Dan Creek Road, King Creek, Castle Rock and Lava Creek are just a few points of interest and trails that can be accessed at that intersection, all of which are on good groomed trails.
The final 10.3 miles of Dan Creek Road that leads to Fall Creek Road as well as the 6.6 miles of Skyline Ridge Road that intersects at the Lava Creek trail head, and also leads to Fall Creek Road, both are fair groomed trails.
If riders chose to bypass Brockman Road at Keenan City and continue southwest, a good groomed trail leads to Grays Lake between the Herman trail head and the other Brockman Road junction. Another trail head 1.7 miles up the road forks off to Cranes Flat Road and Southwest for 12.1 miles to the Paradise Road trail head and a 5 mile loop around Blackfoot Reservoir.
At the Paradise Road trail head, riders can access Blackfoot Reservoir Road, and 17.9 miles later, along a good groomed trail, eventually find themselves at the Bone Store. Heading North along Blackfoot Reservoir Road from the reservoir for 11.8 miles brings riders to the trail head at the intersection of Cellars Creek Road where a left turn and a westerly heading for 18.8 miles puts a sled in the Wolverine parking lot.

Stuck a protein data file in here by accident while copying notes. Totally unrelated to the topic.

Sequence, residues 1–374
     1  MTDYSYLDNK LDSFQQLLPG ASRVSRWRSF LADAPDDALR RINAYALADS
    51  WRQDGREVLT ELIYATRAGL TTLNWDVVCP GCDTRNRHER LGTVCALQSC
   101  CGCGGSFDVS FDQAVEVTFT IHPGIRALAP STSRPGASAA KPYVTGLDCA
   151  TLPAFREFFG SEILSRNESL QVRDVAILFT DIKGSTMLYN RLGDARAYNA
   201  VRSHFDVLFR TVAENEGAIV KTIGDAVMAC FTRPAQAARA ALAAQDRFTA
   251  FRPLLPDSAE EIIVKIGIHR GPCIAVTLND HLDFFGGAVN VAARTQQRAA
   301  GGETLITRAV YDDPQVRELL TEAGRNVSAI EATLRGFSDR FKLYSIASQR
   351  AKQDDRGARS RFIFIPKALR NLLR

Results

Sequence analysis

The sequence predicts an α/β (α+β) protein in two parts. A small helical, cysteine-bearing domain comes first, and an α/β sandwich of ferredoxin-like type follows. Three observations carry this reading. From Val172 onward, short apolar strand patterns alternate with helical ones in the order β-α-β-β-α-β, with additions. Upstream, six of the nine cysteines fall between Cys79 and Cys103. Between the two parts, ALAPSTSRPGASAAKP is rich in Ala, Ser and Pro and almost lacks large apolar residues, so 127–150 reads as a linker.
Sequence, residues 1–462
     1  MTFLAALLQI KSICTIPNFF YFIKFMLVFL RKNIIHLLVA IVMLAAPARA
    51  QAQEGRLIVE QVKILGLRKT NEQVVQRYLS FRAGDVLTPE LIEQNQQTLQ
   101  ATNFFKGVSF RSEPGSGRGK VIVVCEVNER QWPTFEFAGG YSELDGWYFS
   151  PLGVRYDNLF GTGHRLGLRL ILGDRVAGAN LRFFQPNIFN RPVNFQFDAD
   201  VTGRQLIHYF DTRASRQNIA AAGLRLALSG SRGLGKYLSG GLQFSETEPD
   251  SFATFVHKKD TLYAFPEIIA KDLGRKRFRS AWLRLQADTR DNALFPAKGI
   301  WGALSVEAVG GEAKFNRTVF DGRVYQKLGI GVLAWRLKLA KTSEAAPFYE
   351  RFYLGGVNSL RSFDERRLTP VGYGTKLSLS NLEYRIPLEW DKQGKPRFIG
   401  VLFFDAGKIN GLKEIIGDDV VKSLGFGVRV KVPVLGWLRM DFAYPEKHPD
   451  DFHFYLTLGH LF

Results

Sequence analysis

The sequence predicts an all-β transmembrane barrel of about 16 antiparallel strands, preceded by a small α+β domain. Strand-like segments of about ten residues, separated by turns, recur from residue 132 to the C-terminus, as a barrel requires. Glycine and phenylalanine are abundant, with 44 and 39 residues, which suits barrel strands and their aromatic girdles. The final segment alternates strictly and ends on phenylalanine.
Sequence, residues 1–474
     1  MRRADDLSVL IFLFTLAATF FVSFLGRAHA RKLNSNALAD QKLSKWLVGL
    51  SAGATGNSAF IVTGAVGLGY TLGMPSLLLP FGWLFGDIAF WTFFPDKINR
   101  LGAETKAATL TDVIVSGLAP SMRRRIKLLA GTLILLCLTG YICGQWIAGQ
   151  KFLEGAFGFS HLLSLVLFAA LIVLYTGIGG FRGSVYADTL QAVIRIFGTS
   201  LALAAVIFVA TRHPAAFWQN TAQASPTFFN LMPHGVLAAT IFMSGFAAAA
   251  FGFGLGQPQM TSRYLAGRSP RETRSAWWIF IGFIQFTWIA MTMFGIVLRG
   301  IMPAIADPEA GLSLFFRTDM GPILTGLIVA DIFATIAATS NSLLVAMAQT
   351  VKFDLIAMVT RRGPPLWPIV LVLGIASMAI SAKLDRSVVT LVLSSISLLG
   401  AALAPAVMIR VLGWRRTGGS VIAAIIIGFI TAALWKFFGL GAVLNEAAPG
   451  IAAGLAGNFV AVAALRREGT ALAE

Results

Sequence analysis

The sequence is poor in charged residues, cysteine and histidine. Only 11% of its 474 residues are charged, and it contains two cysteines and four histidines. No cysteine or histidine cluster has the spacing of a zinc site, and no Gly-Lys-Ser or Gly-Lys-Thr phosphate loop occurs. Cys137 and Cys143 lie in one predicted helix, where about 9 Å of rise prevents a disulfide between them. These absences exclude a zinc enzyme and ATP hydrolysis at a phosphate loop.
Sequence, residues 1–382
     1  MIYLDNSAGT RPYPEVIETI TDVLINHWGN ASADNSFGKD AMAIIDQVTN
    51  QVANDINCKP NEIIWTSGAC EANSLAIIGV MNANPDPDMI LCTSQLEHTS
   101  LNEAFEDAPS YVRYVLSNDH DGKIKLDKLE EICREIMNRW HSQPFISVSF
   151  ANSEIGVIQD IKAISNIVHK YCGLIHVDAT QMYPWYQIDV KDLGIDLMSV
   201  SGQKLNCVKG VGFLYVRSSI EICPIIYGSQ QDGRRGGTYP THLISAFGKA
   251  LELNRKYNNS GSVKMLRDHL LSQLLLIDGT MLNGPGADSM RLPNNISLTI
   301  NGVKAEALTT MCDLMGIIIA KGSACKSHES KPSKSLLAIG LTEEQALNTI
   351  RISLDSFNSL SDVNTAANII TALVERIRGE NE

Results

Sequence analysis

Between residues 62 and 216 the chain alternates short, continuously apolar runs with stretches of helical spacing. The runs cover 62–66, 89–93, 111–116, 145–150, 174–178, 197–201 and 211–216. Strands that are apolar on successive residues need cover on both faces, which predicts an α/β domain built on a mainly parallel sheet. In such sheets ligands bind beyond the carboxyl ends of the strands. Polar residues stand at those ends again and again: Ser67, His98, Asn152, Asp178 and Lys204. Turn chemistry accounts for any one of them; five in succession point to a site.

Taking the other fork in the road at Cranes Flat Road trail head puts riders on Long Valley Road for 14.6 miles of a good groomed trail. At the Horse Creek trail head, riders have a variety of choices that range from continuing West toward Wolverine; heading Northwest to the Bone Store, or bearing Northeast past Pine Mountain and King Creek for 7.1 miles to a quaint warming hut at the Grays trail head, approximately 15 miles Northwest of Grays Lake.
At the hut, working Northwest leads to Dan Creek Road and on to Kepps Crossing Road where a right turn at that intersection heads sleds back to Fall Creek Road.
Skyline Ridge Road
Traveling Southeast at the hut works riders back to the Lava Creek and Sawmill Canyon Road intersection, and a 2.7 mile ride down Lava Creek intersects with Skyline Ridge Road and 6.6 miles of a fair groomed trail that again leads to the trail head of Kepps Crossing Road and Fall Creek Road where a right turn puts riders 13.8 miles from the Fall Creek parking lot.